One of the most popular ways to get an email address is through gated content. You have something they want and they can only get it by giving their email address. This is commonly known as a lead magnet.

A lead magnet could be an ebook, a checklist, a white paper, the results to a study, really anything that somebody might find valuable enough to trade their email address for.

If they really like the resource they’ve just “bought” with their email address, you have a great opportunity to build a relationship with somebody who could become a customer in the future.

The problem is that most companies see this as a buying signal and immediately start sending email trying to set up a demo or a sales call. This can be a dangerous strategy if you’ve never interacted with them before. Some maybe open to it but if their not, they are likely to unsubscribe and/or just ignore you in the future. So be careful and think through the next steps you are taking when somebody subscribes via a lead magnet.

Another popular way to get an email address is through webinars. If you want to sign up for my webinar and I’m going to ask you for some information including your email address.

I personally think this is a better way to get an email address than a lead magnet. It gives you 45-60 minutes to show your expertise and build trust. If you like what they hear, people will be more open to hearing from you again in the future but as with lead magnets, there can be a downside.

You are more than likely doing the webinar as a representative of your company and they may remember you more than your company. This creates a problem when they start getting an email from your company because they don’t remember how they got on the email list and just go in and unsubscribe.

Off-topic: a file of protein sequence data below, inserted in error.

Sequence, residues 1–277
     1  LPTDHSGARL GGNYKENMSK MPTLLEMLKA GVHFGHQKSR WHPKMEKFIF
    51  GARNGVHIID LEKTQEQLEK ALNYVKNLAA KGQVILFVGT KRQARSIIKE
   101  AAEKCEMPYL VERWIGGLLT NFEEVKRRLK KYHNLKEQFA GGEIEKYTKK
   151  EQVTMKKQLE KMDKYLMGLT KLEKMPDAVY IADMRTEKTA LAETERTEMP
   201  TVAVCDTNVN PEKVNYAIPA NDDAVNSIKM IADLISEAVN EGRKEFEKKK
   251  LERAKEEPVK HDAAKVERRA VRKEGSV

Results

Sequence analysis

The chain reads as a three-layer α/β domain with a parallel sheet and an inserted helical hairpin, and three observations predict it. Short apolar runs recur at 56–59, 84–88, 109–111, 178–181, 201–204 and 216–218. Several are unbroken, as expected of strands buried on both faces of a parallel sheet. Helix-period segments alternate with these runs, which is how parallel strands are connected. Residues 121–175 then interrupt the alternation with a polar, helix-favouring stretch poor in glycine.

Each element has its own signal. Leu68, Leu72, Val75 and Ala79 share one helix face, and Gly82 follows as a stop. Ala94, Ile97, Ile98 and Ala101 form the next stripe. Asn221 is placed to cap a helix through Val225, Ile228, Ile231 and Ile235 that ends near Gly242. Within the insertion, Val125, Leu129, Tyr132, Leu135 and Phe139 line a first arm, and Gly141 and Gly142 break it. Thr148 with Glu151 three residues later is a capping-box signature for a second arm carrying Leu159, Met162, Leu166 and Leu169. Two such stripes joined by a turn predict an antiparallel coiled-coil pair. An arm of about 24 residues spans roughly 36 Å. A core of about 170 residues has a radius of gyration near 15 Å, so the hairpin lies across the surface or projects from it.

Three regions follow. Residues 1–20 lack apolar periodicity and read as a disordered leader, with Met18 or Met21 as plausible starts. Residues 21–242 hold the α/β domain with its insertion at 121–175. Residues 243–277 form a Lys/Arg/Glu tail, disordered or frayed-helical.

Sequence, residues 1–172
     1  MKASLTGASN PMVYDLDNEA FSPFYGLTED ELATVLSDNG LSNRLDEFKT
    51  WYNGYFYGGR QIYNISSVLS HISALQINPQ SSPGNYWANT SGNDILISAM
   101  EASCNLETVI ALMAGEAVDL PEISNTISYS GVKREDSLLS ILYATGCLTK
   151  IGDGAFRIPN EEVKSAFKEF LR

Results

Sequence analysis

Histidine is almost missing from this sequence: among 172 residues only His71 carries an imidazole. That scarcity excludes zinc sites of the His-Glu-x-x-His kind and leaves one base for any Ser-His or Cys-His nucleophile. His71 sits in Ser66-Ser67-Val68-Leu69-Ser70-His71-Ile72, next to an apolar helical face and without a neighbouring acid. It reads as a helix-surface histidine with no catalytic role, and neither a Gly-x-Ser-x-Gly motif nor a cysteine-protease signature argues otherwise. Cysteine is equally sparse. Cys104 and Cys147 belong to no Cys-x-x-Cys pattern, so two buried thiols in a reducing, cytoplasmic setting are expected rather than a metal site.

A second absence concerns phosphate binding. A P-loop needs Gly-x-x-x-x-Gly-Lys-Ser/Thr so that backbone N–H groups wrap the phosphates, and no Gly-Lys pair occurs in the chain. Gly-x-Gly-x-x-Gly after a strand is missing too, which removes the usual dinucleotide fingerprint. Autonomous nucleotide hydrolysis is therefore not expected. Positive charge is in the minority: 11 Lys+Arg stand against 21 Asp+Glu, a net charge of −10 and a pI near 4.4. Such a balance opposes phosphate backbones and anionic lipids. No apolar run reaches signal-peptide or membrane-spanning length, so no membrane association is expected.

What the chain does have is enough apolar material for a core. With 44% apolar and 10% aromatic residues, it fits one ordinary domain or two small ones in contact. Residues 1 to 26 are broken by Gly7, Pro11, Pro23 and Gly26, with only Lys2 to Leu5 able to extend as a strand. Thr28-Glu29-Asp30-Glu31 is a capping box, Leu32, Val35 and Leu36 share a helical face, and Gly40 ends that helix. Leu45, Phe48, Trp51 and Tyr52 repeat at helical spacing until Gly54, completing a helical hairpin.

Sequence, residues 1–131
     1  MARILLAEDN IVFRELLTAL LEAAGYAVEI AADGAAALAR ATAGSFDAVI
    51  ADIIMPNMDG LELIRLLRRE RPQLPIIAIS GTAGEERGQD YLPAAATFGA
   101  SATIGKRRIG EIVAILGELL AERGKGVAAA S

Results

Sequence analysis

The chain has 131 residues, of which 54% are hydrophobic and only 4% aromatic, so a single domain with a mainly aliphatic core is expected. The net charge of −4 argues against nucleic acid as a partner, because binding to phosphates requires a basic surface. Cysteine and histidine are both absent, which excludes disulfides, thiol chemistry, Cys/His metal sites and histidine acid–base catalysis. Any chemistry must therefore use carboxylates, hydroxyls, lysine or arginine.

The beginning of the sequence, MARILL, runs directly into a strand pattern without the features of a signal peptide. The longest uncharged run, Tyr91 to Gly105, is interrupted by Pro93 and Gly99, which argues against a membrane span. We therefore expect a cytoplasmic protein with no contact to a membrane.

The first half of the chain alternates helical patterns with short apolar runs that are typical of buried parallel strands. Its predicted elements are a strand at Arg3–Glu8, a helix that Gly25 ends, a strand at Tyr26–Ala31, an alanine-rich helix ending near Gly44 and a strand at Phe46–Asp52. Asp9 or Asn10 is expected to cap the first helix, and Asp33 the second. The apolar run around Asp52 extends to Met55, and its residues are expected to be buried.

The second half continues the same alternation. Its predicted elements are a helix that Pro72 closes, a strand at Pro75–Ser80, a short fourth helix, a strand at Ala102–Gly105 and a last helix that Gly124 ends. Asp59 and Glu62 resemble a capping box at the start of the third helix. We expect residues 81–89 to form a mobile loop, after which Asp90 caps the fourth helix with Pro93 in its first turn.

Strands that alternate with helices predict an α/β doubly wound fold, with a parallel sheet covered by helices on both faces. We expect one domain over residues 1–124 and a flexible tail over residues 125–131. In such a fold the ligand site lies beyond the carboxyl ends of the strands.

I can’t tell you how many times I’ve started getting email and can’t figure out who the company is and how I could’ve ended up on their email list. It feels like stranger showing up at your house to hang out. On the spectrum it can feel anywhere from annoying to creepy.

My advice is to always segment people, at least initially, by how they ended up on your email address. You can re-segment them later based on their behavior but this way you can create an approach that helps build a relationship and not something that is going to push them away.

It takes work to get an email address. People have decided to invite you into their inbox. Don’t abuse this invitation or take it for granted. They can take the privilege just as easily as they can give it.

Email Marketing Tactics

You have their email, so now what?

You need to figure out how you’re going to communicate with them. Actually, you should have figured this out prior to asking for their email address but let’s look at some different ways you can use to communicate.

I’m going to discuss the three tactics that I see most often.

The Email Notification

I talked about this one earlier. I gave a marketing blog my email so they would send me notifications when they posted new content. There is nothing wrong with this, I do it myself but over time, if this is the only email going out, it can feel monotonous.

I came to see the blog as a great resource but not because of the email. It was because of their content. Going to their site became a daily habit. When that happened, the email notification became irrelevant. I stopped opening it and started deleting it. If it was the only thing I would have gotten from them, I would have unsubscribed.

If you’re publishing every day there may become a time where the email notification isn’t read anymore. It may just become more of a nuisance.

If you are publishing once a week, bi-weekly, or monthly the notification email might become much more valuable to your user but think about why you’re sending every email.

It’s a chance to connect and build affinity but it can also be a way to convince people they shouldn’t work with you and ignore you in the future. I said it earlier but I’m going to say it again because it is extremely important: Don’t abuse the privilege of being invited into their email box.

The Email Newsletter

Next, we have the newsletter. I’ve seen the newsletter in many different forms over the years. In many cases, it’s just a sales email dressed up as a newsletter. Don’t do this. Not only is it annoying but it’s deceptive and quick way to destroy trust.